Tape Deck Heart - album review by Jonathan, Teen Blogger
As far as singer-songwriters go, Tape Deck Heart is a bit of a strange album from a strange source. Frank Turner is an English guitarist and singer whose genre is best described as “Folk Punk.” To be more specific, Turner infuses his simple, acoustic songwriting style with the energy and brutal honesty of punk rock. That’s a combination that’s a bit tricky to pull off properly, but when it’s done right it creates music that’s hard-hitting, emotional, and downright fun to listen to. Other times, however, it just doesn’t come together properly and feels lacking in both the Folk and Punk departments.
The album starts with “Recovery,” and I would be hard pressed to name a better opening song for the album than this. It starts with a simple guitar part and melody, and suddenly escalates into a flurry of folksy music with all the energy of a Rise Against concert. It expertly presents a vibe of aggressive positivity; a sound that says “I have a problem and I’m going to get better, even if it kills me!” That’s something that I don’t think I’ve ever heard someone execute quite as well as Frank Turner. It sets the tone for the entire rest of the album, while still being a very good song in its own right.
Many songs later on the album echo “Recovery” in different ways. “Four Simple Words” alternates between a laid back country ballad and a punk rock anthem. “Plain Sailing Weather” is a beautiful manifestation of pure frustration in song form. “Polaroid Picture” is a slower-paced song about nostalgia and trying to enjoy good things while they last. Each of these songs blends together a huge instrumentation of guitars, pianos, and drums, all while Turner’s voice passionately sings with the perfect amount of rawness in his voice. However, the most impactful moments on the album are the ones where all of this is stripped down to little else than a guitar and vocals. It leaves nothing between the listener and the raw emotion of the song, creating songs like “Tell Tale Signs” and “Broken Piano” that may very well leave you on the verge of tears.
Lyrically, Frank Turner’s style is best described as, well…frank. He uses a lot of blunt imagery and the occasional metaphor to quickly get his point across to the listener. Turner has a tendency to cram many syllables into one run-on sentence, making it sound almost like he’s talking more than singing. This leads to some well-crafted lyrics that offer instantaneous spikes in emotion. Some of my favourites are “the sing-a-longs go on but they’re singing different songs in rooms that we don’t know on the other side of the city” (Polaroid Picture) and “you know your life is heading in a questionable direction when you’re up for days with strangers and you can’t remember anything except the way you sounded when you told me you didn’t know what I should do.” (Recovery).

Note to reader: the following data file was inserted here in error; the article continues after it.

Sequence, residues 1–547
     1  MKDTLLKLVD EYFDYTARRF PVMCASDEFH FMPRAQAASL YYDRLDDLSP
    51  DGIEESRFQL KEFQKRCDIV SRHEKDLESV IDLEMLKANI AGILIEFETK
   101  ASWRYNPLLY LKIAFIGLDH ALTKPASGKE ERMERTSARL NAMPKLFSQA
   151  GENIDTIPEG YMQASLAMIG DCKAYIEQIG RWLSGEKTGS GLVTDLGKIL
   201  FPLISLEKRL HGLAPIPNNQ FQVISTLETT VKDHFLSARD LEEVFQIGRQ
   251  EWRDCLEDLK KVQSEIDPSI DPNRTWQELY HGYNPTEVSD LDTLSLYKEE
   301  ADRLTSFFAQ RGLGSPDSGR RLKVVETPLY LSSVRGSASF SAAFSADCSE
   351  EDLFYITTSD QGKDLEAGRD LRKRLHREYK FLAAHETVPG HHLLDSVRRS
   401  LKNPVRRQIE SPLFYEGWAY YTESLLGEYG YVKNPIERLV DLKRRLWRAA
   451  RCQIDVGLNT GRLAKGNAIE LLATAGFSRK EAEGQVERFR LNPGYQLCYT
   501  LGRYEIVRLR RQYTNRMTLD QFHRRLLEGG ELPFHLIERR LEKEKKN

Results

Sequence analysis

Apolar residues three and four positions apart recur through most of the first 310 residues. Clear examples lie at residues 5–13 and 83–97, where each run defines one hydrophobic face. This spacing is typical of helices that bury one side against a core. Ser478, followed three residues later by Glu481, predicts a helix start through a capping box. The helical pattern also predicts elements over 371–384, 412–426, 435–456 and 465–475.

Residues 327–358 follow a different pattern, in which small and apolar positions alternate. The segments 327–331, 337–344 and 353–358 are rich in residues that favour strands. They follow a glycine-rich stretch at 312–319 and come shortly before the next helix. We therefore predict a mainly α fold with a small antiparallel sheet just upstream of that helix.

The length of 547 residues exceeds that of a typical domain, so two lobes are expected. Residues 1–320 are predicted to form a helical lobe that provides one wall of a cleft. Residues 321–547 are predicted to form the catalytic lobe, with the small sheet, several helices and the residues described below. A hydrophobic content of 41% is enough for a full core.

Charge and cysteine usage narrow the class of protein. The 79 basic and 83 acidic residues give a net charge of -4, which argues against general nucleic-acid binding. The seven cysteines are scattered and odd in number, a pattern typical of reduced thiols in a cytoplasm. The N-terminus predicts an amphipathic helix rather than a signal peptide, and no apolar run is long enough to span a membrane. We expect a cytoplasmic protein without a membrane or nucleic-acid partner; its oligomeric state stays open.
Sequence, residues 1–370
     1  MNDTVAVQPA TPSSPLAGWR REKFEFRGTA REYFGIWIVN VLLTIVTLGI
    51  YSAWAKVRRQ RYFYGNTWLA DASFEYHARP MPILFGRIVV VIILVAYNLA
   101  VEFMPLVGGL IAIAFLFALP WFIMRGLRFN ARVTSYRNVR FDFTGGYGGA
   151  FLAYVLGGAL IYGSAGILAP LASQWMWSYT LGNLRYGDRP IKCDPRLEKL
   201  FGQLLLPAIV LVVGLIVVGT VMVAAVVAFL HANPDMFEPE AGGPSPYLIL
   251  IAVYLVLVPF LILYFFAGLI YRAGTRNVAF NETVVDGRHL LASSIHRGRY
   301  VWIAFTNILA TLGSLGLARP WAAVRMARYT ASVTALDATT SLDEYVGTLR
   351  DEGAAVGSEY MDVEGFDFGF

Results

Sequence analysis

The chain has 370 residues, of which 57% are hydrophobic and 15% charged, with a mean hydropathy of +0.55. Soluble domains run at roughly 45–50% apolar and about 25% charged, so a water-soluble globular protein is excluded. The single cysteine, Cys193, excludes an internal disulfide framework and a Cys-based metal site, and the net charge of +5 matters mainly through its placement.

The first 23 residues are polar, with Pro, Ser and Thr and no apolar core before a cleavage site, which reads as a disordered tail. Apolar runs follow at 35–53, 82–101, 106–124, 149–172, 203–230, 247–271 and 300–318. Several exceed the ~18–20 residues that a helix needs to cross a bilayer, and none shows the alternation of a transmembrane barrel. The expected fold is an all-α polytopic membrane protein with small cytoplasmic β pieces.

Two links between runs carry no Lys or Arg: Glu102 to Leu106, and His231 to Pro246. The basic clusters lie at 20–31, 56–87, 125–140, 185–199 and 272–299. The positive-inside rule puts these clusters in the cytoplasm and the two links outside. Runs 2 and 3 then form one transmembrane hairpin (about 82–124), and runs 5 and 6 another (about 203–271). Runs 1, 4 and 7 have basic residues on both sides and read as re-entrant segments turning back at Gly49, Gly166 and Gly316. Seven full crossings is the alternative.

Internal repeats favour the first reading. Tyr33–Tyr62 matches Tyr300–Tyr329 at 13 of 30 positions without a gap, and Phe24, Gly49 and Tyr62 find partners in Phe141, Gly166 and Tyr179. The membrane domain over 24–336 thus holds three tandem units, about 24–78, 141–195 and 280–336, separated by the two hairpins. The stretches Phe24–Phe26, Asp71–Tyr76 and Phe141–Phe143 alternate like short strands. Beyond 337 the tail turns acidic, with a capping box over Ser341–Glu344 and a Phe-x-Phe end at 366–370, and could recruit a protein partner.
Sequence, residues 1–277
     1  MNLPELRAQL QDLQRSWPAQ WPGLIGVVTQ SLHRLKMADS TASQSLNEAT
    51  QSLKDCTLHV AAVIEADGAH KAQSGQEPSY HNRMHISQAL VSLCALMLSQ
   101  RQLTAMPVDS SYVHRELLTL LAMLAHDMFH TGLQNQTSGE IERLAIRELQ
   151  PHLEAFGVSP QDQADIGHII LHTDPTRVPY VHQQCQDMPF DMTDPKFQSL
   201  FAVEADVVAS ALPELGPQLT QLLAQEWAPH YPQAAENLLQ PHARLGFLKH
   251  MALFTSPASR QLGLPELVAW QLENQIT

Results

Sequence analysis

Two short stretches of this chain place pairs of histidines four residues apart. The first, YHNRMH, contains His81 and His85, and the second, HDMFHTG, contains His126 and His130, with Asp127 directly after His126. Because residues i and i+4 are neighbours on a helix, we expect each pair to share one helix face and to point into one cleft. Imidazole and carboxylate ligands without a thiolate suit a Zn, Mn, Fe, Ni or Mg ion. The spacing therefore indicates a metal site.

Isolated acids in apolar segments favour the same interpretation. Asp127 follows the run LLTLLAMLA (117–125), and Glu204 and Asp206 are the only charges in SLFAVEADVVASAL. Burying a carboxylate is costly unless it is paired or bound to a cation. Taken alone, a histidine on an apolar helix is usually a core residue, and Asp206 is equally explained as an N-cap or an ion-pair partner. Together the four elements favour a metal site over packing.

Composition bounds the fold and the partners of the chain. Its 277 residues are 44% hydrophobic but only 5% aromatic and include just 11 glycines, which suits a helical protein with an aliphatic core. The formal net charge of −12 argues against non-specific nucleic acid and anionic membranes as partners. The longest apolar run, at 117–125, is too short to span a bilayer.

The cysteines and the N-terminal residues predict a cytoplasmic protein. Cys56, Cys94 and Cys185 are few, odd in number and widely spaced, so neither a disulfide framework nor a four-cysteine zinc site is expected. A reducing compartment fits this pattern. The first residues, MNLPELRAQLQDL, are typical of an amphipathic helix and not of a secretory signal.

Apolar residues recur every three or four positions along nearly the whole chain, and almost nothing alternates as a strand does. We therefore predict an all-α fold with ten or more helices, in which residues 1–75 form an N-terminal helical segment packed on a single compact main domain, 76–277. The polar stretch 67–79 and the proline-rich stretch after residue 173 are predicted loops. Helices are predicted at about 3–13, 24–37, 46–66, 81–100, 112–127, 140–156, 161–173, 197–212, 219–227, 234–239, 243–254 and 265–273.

Sadly, for every song that Tape Deck Heart does right, there seems to be another that just doesn’t come together as well. “Losing Days” attempts to continue the sound that “Recovery” started, but it takes too long to build up to its full potential. “Anymore” and “Oh Brother” both reuse themes and songwriting tactics explored earlier in the album, making them feel like watered down versions of previous songs. While the album does have some very, very good songs on it, it fails to keep that momentum going over the whole runtime, stumbling every few songs before regaining its balance.
In the end, Tape Deck Heart is a very good album. For its high points alone I would very much recommend listening to it. The songs that are executed properly create a unique, enjoyable, and emotional whirlwind of music, even if the album's low points keep it from being truly great as a whole.